Have you ever wondered why your checking account is free? Obviously, it’s not because your bank is feeling charitable. Big banks make big money. The kind of money that leads to the obscene Wall Street bonuses we so often hear about. But banks make money even when they’re not involved in Wall Street’s multinational investment deals and billion-dollar hedge funds. Old fashioned “retail banking” (i.e., taking deposits and making loans) is quite a business by itself.

Banks are never short of come-ons for winning new customers; some banks offer new depositors free checks, cash bonuses or iPods (just to name a few).

That’s because banks can’t make money until they have your money.

A Penny Saved Is a Penny Lent

Remember those days when ING Direct and other high yield savings accounts offered interest rates of five percent or more? I used to stash cash into those accounts like crazy and think: “How could banks be handing out money like that?”

It all ties back to the fundamental way banks make money: Banks use depositors’ money to make loans. The amount of interest the banks collect on the loans is greater than the amount of interest they pay to customers with savings accounts—and the difference is the banks’ profit.

For example: You currently have an emergency fund of $10,000 in a high yield savings account that may pay 1.50 percent APY. The bank uses that money to fund someone’s:

  • Mortgage at 5.50% APR
  • Student loan at 6.65% APR
  • Credit card at 16.99% APR

Your bank may have paid you $150 in a year’s time but they earned hundreds or thousands more from the interest on loans (made possible with your money). Now, think about this process repeated with millions of banking customers and billions of dollars.

Fees, Fees, Fees

Yes, banks make a lot of money banks from charging borrowers interest, but the fees banks change are just as lucrative.

  • Account fees. Some typical financial products that charge fees are checking accounts, investment accounts, and credit cards. These fees are said to be for “maintenances purposes” even though maintaining these accounts costs banks relatively little.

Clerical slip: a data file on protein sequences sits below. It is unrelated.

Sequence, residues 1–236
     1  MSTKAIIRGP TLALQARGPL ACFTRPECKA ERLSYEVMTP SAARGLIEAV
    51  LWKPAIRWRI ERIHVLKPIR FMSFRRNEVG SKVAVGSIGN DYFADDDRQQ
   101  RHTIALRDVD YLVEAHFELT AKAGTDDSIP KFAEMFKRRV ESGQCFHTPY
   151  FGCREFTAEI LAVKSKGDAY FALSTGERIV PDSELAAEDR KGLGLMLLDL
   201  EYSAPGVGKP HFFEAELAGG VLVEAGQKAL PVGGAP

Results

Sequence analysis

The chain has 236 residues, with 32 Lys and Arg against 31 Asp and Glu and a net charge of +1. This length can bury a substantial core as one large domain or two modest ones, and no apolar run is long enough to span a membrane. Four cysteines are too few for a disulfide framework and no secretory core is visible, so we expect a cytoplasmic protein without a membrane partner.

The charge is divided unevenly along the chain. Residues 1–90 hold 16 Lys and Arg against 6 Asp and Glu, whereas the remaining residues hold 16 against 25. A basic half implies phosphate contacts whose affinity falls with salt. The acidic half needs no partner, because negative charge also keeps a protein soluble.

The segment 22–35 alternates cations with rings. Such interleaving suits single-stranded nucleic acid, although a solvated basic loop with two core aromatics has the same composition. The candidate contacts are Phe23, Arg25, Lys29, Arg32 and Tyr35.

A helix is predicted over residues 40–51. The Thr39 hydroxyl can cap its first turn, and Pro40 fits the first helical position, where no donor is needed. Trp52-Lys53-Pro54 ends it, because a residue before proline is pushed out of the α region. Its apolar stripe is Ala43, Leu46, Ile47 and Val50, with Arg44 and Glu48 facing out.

• ATM fees. There will be times when you can’t find your bank’s ATM and you must settle for another ATM just to get some cash. Well, that’s probably going to cost you $3. Such situations happen all the time and just mean more money for banks.
  • Penalty charges. Banks love to slap on a penalty fee for something a customer’s mishaps. It could a credit card payment that you sent in at 5:05PM. It could be a check written for an amount that was one penny over what you had in your checking account. Whatever it may be, expect to pay a late fee or a notorious overdraft fee or between $25 and $40. It sucks for customers, but the banks are having a blast.
  • Commissions. Most banks will have investment divisions that often function as full-service brokerages. Of course, their commission fees for making trades are higher than most discount brokers.
  • Application fees. Whenever a prospective borrower applies for a loan (especially a home loan) many banks charge a loan origination or application fee. And, they can take the liberty of including this fee amount into the principal of your loan—which means you’ll pay interest on it too! (So if your loan application fee is $100 and your bank rolls it into a 30-year mortgage at five percent APR, you’ll pay $94.40 in interest just on the $100 fee).

Recently, banks are taking a lot of heat for interest rate hikes and fees going out of control. Giving banks business may seem like putting yourself in harm’s way, but of course, it still beats hiding your money under a mattress. Understand how banks work, however, and you’ll know where to lookout for fees and how to avoid lining banks’ pockets by paying more interest than you’re earning.

About the Author: Simon is a recent college grad living in Brooklyn. He writes for an interest rate-tracking Website and maintains his own personal finance blog, the Realm of Prosperity.